north carolina highway historical marker program
North Carolina Highway Historical Marker Program
 

 
 
 

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Essay:
     Jacob Blount, planter, entrepreneur, politician, and Revolutionary War paymaster, was born in Beaufort County in 1726 to Thomas and Ann Elizabeth Reading Blount. Although he was from a prominent family, nothing is known of his early life or education. In 1748 he married Barbara Gray of Bertie County, where the couple lived for some time near Windsor. By 1759 the Blounts moved to Craven (later Pitt) County, where Jacob amassed a plantation of about 6,000 acres.

     Blount was a justice of the peace in Bertie and Craven Counties, and represented the latter in the General Assembly in 1766, 1768, 1769, and 1770-1771. Although most sources report that Blount fought for Tryon at the Battle of Alamance, there are no records to support this. His business partner, Richard Blackledge, served as commisary general to the expedition, so it is possible Blount contributed to the effort. He was a member of the Pitt County Committee of Safety and served in the first, third, and fourth provincial congresses. Blount was initially appointed paymaster to the Second Regiment of the North Carolina Continental Line and later served in that capacity for the province.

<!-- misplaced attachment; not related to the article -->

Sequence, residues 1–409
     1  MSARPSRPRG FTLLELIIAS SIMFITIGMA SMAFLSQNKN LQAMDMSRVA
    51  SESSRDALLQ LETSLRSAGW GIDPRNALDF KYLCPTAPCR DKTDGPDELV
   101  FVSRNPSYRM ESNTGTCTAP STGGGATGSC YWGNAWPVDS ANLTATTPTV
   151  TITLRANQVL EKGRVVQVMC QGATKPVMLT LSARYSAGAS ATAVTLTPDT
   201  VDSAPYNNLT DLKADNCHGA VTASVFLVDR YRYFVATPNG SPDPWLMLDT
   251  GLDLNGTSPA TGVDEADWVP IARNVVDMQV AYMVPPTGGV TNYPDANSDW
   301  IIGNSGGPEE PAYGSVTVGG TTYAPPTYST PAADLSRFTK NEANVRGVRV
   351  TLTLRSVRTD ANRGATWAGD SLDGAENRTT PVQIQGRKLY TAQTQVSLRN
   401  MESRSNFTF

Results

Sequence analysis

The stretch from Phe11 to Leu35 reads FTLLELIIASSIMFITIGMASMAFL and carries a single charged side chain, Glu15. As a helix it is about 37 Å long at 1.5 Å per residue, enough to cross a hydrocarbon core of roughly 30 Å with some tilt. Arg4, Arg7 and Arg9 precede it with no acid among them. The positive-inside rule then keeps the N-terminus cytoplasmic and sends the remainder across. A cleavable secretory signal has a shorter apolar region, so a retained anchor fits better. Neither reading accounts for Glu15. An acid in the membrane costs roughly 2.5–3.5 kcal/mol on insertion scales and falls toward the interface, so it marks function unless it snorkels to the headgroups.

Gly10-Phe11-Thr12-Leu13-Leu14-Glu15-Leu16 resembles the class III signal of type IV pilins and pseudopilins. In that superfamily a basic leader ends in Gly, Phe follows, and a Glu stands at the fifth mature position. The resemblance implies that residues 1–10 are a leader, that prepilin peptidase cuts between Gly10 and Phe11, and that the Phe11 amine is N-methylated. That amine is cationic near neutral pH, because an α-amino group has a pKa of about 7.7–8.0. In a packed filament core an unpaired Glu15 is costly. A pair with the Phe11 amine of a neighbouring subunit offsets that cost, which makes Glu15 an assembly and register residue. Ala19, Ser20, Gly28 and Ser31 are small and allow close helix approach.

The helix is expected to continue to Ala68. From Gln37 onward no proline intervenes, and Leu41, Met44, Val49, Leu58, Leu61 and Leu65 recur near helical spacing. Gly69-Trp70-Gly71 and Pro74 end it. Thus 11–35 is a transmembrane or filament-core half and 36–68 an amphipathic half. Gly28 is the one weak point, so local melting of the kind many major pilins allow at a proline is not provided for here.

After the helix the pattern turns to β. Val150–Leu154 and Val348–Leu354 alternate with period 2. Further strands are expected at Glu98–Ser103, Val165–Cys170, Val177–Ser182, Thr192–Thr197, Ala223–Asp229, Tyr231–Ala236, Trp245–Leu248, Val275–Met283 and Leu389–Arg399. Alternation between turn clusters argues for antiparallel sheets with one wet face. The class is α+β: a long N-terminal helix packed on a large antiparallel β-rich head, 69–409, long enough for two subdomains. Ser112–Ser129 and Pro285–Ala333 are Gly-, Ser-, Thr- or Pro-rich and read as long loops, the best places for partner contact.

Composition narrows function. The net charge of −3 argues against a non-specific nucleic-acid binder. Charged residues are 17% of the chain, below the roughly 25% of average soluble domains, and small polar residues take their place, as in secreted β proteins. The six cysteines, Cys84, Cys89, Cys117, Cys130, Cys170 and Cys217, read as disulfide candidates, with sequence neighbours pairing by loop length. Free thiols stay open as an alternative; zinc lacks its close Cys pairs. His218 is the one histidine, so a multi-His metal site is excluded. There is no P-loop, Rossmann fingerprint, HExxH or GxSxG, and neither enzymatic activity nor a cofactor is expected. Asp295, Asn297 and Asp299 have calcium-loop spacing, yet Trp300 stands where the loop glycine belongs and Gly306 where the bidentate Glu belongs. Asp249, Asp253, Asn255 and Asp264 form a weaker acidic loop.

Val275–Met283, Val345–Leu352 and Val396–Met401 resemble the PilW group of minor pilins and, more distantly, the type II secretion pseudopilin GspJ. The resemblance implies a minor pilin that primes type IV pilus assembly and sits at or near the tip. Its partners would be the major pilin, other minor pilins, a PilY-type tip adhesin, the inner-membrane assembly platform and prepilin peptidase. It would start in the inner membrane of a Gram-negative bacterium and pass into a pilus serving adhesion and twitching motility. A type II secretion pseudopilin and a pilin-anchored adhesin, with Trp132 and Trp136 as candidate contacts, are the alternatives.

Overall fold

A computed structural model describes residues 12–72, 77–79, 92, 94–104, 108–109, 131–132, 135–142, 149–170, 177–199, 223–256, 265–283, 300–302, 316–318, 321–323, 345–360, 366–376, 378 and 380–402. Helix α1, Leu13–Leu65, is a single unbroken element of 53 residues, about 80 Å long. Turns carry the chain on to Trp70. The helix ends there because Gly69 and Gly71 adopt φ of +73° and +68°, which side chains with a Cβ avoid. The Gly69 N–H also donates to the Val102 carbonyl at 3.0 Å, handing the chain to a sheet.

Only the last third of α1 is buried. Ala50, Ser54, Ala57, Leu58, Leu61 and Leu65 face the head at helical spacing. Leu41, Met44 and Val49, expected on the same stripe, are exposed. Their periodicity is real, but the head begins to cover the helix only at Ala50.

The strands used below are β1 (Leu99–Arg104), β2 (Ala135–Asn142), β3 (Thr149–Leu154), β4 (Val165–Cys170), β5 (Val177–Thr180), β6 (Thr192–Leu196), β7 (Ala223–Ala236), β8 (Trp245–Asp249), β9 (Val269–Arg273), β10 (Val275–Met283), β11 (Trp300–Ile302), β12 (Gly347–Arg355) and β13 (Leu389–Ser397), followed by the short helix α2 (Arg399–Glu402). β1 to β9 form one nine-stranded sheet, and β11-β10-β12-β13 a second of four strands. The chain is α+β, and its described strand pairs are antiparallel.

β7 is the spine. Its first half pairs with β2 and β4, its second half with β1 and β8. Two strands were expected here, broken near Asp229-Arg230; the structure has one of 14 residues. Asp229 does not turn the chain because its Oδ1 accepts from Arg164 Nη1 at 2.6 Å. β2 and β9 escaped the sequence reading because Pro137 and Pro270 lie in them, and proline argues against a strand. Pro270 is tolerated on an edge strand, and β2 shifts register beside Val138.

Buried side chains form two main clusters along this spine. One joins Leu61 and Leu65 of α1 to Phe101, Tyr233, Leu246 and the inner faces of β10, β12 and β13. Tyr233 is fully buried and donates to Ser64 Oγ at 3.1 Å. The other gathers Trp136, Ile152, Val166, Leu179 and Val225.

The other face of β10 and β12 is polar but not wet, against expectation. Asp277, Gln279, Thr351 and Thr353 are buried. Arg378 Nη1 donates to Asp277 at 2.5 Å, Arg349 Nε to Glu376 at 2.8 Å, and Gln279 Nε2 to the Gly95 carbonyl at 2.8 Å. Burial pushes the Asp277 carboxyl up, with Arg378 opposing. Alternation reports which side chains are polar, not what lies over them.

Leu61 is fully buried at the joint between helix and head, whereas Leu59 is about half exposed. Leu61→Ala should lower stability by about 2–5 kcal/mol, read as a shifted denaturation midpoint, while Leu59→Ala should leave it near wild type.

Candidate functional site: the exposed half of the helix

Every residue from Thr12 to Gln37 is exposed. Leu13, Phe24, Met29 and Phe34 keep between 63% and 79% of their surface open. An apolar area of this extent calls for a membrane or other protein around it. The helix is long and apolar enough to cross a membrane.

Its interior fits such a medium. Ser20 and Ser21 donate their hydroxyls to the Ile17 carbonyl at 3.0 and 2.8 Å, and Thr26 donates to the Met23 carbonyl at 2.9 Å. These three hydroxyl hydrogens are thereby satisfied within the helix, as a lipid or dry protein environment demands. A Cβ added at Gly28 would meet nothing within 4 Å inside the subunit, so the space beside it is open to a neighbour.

Jacob Blount built Blount Hall sometime prior to 1762 in what would eventually be Pitt County. It was located sixteen miles southwest of Greenville and stood, though altered in appearance, until the 1960s when it was destroyed by fire. Jacob and Barbara Blount had seven children, William, Ann, John Gray, Louisa, Reading, Thomas, and Jacob. When Barbara died, Jacob married Hannah Salter Baker, fathering five more children, two of whom lived to maturity—Willie and Sharpe. After Hannah died, Jacob married Mary Adams. Blount died at his home August 17, 1789, leaving a legacy of civil and military service and of business acumen which his family would continue.


References:
Alice Barnwell Keith, ed., John Gray Blount Papers, I, 1764-1789 (1952)
William S. Powell, ed., Dictionary of North Carolina Biography, I, 178—sketch by Armistead Jones Maupin
“Roster of Tryon’s Provincial Forces at the Battle of Alamance,” Research Branch files, North Carolina Office of Archives and History
William L. Saunders and Walter Clark, eds., Colonial and State Records of North Carolina (1886-1914)
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north carolina highway historical marker program


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